3. 1 or 2 tips when considering marketing funds in France?

    A manager should first assess if the AIF is targeting retail or professional investors in France. Then, a gap analysis between the foreign AIF/asset manager rules and the AMF requirements would highlight the necessary adjustments to be made for the fund to be marketed in France.

    About Kramer Levin Naftalis& Frankel

    Founded in 1968 and present in Paris, New York and Silicon Valley, Kramer Levin Naftalis& Frankel LLP is an international law firm with more around 400 lawyers. The French and American lawyers of our Paris office's Asset Management team support asset managers, financial investment advisers (CIF) and corporate wealth management companies in their operations, including: fund structuring and creation, corporate matters for asset managers; commercialization and distribution; relationships with custodians, administrators, transfer agents and other services; M&A; prelitigation and litigation; and regulatory matters.

    European investment fund passport products, a costly necessity by Reinhold Partners

    Let us remember that in July 2005, the European Commission started a public debate on how to make the European investment fund market more efficient, as it has been deemed too fragmented and too costly for investors, with too many disparate distribution rules. The debate centres primarily around ways to improve the UCITS and resulted in the creation of UCITS IV, a directive that was quickly characterised as a "tool box". Two of the Commission's objectives were presented as follows: "First, it will allow UCITS managers to develop their cross-border activities and generate savings consolidation and economies of scale. Currently EU funds are on average 5 times smaller than US funds and the cost of managing them are twice as high as in the US. Second, investors will benefit from a greater choice of investment funds operating at lower costs." "One of the "tools" of the Directive is the passport product".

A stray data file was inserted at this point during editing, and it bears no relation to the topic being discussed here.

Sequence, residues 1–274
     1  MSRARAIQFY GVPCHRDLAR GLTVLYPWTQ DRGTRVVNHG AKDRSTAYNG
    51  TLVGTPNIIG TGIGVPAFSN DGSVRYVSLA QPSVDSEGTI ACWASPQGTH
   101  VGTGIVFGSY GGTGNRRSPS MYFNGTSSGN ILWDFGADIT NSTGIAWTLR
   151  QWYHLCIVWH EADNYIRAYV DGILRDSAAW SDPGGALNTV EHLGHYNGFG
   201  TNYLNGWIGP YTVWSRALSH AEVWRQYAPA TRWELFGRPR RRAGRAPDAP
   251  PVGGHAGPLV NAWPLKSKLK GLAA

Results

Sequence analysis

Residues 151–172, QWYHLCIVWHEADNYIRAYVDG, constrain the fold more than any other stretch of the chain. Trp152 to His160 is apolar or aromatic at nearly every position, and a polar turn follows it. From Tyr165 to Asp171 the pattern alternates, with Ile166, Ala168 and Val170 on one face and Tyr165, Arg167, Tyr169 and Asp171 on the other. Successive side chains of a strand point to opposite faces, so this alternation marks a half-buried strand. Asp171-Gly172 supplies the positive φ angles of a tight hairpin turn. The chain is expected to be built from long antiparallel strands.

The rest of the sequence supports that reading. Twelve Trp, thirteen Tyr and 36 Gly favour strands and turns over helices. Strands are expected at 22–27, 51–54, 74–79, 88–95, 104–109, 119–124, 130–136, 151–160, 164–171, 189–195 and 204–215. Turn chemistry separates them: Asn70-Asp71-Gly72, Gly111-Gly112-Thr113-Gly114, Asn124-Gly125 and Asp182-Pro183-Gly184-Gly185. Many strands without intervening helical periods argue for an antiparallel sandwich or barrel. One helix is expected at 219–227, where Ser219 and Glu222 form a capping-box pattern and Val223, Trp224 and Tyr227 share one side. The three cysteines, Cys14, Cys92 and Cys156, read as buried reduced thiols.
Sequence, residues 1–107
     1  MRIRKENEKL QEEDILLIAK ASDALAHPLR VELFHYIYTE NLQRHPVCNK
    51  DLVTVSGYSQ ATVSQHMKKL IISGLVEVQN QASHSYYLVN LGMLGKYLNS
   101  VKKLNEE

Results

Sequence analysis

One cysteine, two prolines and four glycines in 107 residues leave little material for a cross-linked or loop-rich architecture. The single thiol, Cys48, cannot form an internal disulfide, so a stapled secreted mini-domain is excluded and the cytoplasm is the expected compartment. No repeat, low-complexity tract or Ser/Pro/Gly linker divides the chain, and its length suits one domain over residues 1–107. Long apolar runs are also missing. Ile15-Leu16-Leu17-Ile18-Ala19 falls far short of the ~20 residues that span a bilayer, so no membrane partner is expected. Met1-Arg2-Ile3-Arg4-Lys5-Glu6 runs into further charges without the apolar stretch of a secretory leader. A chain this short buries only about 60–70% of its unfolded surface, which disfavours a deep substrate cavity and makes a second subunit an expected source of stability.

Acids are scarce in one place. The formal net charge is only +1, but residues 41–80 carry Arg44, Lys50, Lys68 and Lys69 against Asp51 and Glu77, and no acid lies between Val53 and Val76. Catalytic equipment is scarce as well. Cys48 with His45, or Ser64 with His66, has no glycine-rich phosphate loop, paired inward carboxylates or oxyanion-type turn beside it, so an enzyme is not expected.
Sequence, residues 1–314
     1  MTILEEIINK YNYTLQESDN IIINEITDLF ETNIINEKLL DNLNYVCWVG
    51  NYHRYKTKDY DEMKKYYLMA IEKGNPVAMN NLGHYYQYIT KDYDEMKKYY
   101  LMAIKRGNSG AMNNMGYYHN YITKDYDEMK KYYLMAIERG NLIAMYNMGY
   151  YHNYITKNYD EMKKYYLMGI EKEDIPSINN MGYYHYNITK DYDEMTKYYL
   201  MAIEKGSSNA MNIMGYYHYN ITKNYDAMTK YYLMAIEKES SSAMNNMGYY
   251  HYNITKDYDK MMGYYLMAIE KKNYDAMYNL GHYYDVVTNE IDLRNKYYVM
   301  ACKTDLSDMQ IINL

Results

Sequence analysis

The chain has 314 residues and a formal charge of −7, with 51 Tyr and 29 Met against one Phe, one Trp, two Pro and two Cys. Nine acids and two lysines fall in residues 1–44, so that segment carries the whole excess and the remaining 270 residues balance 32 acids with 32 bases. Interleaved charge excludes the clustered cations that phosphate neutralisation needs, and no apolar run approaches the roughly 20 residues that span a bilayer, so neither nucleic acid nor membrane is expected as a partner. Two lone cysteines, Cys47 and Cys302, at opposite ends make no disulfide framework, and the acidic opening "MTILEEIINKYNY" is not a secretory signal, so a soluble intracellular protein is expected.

In practical terms, a UCITS domiciled in a Member State submits a request to its regulator to market its units or shares in another Member State. It drafts a "Letter of Notification" in which it specifies the conditions of its marketing, attaching its articles of association, prospectus, auditor reports and KID [Key Information Document]. The regulator of the UCITS has a maximum of 10 business days to notify the authorities in the host country where the UCITS will be marketed. This notification is immediately sent to the UCITS, which may then be marketed. This procedure is simple, only involves a single regulator and is statutorily constrained by a very short deadline. The "product" passport of UCITS 4 is therefore designed as a facilitator for cross-border marketing of investment funds.

    However, if the objective of the Commission was to reduce costs for the investor, it must be noted that the "local characteristics" currently undermine this objective in part. In fact, the marketing rules remain that of the marketing Member State, which in certain countries may lead to significant legal costs. Certain investors require specific tax reports, which generate significant costs (UK, Germany, Austria, etc.). Although only the KID must be in the language of the country, in many cases the entire Prospectus should also be, for commercial reasons. Lastly, and this is a significant cost for the SICAVs (Sociétéd' Investissement à Capital Variable [open ended unit trust]), the different states charge registration, and the amounts involved are far from negligible and, ultimately, are borne by the customers.

    This is why the marketing choices made by the managers will determine their competitiveness and development strategy. Each manager will make its own choices based on its business and distribution strategies, its investor portfolio, and a subtle cost benefit analysis in each member state taken individually.

    About Reinhold & Partners

    Reinhold & Partners is a consulting boutique based in Paris which provides to Asset Managers and investors the expertise that bridges the otherwise stand-alone areas of regulation, taxation, governance and operational management.

    Our clients are early stage as well as mature managers. www.reinholdpartners.com